Review: Drones, Muse

Muse Drones

Muse’s seventh studio album, Drones was released this week and it heralds a back-to-basics sound for the band. However, it’s a concept album. This should strike fear into the hearts of fans everywhere because the concept album is incredibly difficult to pull off.

The album itself is an expectedly bombastic affair with themes including drone warfare, the end of the world, government conspiracy and state control. It is told from the perspective of a man who loses his humanity, is brainwashed and turned into a drone by the ‘psycho’ before eventually defecting, revolting and overcoming the enemy. Y’know, the regular Muse topics.

The musical experimentation has been stripped back to a more basic guitar, bass, drums with supporting keys and synths rather than the orchestral and electronic elements that have been pushed to the fore on the last two albums. The tone of the album is somewhere between Absolution and The Resistance with some throwback riffs to Origin of Symmetry.

It never fails to amaze how popular Muse are for being a band that makes such heavy and progressive music. This album sweeps through all tempos and tones from the almost poppy numbers like ‘Dead Inside’, ‘Reapers’, ‘Defector’ and especially ‘Revolt’ through the heavy and nasty ‘Psycho’ past the oppressive ‘Mercy’ ‘The Handler’ to the calm ‘Aftermath’. Muse have such talent that even the general public recognise it and buy their albums in droves. The only other contemporary band with that kind of following is the Foo Fighters, who have some punishingly hard songs for such a popular band.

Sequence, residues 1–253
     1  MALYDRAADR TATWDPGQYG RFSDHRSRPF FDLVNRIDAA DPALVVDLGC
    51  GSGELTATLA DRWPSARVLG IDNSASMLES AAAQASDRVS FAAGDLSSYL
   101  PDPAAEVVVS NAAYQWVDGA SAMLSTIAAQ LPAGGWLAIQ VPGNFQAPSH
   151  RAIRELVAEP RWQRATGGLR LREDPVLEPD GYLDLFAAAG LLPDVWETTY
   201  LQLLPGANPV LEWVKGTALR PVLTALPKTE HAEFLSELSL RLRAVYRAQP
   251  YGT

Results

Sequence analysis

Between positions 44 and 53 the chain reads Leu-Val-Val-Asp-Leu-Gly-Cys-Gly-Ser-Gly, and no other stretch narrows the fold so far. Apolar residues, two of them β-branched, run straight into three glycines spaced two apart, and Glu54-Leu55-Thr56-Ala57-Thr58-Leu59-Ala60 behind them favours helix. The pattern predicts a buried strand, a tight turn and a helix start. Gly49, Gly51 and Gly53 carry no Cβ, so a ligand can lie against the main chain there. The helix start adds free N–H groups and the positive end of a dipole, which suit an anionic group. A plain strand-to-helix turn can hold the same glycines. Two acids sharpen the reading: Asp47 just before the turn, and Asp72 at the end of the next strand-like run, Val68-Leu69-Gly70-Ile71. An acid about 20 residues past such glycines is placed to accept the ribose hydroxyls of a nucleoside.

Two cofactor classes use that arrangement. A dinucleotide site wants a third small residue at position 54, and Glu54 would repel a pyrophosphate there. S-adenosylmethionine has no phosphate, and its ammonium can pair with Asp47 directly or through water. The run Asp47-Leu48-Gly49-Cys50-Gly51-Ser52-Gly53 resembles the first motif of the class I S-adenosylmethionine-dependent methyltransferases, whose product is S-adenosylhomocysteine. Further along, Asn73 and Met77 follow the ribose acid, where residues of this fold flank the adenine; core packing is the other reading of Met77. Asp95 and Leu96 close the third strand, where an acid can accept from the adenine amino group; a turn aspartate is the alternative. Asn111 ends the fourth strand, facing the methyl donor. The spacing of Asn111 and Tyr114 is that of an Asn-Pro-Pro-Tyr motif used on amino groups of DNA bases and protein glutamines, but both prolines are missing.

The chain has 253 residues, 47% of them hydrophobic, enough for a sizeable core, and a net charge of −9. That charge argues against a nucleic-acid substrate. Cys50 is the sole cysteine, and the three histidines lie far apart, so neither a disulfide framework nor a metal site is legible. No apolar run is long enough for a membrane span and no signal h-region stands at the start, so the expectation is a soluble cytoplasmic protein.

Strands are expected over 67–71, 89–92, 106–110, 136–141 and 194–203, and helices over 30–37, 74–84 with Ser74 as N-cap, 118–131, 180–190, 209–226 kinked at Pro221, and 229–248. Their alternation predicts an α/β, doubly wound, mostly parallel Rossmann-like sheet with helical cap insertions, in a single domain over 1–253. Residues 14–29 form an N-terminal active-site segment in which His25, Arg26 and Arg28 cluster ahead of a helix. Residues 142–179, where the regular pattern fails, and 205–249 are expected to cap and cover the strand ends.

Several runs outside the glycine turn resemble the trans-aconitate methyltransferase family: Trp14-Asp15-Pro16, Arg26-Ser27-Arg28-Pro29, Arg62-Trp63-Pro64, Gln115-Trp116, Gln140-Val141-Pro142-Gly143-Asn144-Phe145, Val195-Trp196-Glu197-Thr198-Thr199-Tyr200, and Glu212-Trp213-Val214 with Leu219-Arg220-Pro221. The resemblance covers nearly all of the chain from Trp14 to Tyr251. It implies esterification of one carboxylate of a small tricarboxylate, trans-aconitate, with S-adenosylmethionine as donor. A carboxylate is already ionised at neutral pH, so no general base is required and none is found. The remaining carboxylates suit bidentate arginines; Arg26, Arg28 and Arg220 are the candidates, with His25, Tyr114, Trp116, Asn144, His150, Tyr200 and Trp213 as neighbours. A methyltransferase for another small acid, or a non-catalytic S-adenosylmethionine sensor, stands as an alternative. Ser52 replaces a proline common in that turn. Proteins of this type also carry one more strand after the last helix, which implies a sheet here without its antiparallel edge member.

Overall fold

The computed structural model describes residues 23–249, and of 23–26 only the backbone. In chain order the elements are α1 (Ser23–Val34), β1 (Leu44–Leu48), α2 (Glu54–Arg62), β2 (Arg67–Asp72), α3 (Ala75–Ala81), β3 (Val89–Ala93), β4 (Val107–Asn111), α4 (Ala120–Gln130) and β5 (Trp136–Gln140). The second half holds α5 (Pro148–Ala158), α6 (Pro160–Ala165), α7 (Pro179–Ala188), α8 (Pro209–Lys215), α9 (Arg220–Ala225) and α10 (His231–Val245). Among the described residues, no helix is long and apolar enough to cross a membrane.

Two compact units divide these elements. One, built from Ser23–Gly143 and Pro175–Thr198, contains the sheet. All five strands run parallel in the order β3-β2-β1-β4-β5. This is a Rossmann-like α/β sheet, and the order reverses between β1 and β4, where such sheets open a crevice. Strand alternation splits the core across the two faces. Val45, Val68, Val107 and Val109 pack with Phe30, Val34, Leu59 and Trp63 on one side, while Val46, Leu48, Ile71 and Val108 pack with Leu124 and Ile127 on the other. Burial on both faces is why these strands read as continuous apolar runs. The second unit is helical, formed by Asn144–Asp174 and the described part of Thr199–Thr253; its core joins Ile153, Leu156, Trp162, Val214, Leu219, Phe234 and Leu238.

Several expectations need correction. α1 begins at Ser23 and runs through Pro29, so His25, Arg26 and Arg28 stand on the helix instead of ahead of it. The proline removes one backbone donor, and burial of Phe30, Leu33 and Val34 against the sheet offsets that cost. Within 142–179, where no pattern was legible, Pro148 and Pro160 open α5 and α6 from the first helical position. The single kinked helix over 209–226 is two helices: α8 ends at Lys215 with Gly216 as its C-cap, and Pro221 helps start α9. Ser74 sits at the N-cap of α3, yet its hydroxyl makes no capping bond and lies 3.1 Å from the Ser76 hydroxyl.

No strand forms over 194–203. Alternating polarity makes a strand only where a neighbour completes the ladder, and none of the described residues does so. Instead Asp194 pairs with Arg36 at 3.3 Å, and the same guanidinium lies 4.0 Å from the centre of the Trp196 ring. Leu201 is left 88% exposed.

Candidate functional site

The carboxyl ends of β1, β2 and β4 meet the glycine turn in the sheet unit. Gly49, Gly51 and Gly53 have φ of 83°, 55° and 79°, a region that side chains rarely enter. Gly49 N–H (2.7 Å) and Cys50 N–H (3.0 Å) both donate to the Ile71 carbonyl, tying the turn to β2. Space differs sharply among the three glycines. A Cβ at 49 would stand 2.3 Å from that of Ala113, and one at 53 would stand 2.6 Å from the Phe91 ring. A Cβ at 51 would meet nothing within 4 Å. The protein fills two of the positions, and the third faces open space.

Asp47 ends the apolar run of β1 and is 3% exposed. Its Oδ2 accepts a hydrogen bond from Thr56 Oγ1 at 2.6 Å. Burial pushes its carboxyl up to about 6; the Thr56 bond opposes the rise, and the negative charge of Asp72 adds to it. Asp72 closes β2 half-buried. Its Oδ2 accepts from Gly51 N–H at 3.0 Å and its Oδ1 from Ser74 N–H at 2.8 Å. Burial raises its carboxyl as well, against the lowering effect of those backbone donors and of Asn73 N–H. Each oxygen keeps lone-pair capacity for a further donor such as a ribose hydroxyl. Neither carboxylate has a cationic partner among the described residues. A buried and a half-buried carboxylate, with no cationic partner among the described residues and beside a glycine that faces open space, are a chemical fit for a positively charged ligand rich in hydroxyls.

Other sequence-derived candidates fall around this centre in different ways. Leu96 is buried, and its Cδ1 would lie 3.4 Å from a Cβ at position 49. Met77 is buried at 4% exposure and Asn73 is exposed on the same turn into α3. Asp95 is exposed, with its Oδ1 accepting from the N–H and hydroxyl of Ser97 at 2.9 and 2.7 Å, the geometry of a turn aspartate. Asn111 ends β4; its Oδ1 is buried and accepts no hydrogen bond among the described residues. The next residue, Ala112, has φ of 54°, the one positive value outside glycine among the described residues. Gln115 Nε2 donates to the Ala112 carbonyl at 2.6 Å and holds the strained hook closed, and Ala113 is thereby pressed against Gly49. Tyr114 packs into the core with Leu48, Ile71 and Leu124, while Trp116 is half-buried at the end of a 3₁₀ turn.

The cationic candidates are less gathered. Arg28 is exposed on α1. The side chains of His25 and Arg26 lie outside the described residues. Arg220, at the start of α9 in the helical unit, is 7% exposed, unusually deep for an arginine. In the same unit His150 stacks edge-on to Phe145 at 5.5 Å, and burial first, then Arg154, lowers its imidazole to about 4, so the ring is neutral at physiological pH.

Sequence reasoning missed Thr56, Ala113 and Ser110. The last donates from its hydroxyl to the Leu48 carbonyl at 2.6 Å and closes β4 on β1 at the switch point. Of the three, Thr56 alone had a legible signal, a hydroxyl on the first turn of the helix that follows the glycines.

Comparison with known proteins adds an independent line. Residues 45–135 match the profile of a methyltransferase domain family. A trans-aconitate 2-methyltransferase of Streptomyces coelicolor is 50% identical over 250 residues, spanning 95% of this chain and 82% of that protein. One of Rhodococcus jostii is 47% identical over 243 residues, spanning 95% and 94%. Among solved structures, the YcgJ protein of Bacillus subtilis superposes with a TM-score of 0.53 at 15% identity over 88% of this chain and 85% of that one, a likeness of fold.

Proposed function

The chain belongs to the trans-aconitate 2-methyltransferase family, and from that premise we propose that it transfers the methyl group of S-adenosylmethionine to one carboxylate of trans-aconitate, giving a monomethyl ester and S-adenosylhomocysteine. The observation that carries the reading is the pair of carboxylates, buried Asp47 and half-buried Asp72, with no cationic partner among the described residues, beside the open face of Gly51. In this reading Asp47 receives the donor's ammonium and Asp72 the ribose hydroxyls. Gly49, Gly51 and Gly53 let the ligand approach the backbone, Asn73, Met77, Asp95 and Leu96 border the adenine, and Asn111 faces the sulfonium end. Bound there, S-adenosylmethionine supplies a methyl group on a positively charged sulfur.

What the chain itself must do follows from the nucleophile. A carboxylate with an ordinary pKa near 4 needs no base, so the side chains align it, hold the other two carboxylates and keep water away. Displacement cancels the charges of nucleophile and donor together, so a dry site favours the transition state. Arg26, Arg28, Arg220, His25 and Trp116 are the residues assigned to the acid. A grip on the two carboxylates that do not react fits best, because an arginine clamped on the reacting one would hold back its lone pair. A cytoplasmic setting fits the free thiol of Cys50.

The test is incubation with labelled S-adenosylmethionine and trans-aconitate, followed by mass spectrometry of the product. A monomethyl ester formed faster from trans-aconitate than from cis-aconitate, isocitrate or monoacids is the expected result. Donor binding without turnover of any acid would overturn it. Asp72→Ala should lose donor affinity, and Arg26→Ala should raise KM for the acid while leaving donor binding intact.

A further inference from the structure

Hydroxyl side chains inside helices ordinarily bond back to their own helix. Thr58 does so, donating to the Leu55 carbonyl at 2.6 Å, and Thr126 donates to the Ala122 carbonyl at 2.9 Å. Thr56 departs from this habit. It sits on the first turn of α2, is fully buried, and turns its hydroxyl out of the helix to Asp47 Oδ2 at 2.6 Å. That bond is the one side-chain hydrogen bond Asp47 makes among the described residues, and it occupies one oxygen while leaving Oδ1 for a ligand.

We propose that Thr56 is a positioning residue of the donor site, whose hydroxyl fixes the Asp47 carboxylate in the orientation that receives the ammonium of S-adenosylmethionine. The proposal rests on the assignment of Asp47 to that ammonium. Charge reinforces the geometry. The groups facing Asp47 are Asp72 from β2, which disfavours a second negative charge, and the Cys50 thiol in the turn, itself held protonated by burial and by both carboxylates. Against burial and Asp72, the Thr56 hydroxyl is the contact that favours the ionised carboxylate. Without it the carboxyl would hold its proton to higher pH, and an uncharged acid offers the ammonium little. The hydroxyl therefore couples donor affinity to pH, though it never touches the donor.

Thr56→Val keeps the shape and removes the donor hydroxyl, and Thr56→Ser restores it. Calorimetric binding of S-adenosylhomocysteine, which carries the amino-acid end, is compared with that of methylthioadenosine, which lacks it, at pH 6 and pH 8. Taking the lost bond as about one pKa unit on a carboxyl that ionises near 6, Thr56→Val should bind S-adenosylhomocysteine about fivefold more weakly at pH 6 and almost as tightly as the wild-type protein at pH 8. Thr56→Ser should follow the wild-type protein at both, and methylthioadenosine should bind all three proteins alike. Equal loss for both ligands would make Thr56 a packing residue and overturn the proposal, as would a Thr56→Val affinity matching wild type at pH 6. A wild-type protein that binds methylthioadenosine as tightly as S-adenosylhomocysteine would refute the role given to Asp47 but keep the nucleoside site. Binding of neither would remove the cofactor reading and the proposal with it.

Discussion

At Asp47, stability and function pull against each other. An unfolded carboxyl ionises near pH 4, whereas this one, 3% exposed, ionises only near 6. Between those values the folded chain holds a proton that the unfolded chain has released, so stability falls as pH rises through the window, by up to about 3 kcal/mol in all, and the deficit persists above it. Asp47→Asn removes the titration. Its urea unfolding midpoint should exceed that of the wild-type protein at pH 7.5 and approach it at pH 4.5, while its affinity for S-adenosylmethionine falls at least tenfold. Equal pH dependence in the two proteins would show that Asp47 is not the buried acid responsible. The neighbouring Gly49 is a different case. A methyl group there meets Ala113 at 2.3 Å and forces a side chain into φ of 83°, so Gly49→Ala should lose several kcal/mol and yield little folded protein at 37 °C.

The last two songs on the album are the most progressive. ‘The Globalist’ is a 10 minute epic that, at first, wouldn’t sound out-of-place on a Spaghetti Western soundtrack. It even features an Ennio Morricone  style whistle. It then morphs into a kind of bond theme before exploding in a rumble of distorted guitars and pounding drums before slowing down to just piano and vocals reminiscent of Absolution-era Muse with a bit of Queen thrown in. The song never loses a sense of being one single entity though. It even morphs into a choral number – the title track – to close the album out. It sounds like a hymn being sung by either all three members of the band or multiple takes of Matt Bellamy, ether way, it’s quite the final 14 minutes and actually finishes with an ‘amen’.

I’m not entirely convinced the concept stands up, with some of the lyrics being a bit ‘on the nose’, but it’s certainly not the worst concept album of all time. Plus, what the lyrics lack in depth – in some places – the scale of the music makes up for it.

This is Muse dialling it back! Muse is a band with more range on each album than 20 regular bands  manage in their whole careers and, while they may not be to everyone’s taste, there’s no doubt that they are unique.


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